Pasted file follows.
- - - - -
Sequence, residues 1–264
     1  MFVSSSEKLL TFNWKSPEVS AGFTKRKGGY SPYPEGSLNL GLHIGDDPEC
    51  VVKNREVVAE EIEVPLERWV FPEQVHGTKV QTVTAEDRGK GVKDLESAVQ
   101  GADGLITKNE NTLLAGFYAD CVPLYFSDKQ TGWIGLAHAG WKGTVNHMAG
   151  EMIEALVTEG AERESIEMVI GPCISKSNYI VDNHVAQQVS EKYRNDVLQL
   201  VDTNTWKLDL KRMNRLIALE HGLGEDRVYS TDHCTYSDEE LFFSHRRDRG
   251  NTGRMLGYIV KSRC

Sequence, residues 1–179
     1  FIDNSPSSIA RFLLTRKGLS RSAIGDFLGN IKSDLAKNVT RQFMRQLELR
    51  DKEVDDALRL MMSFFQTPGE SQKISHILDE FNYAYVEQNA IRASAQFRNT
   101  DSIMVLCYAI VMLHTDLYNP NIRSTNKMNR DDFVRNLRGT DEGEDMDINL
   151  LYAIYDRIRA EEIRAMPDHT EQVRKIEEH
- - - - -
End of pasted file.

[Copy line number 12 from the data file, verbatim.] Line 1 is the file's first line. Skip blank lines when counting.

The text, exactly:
   151  LYAIYDRIRA EEIRAMPDHT EQVRKIEEH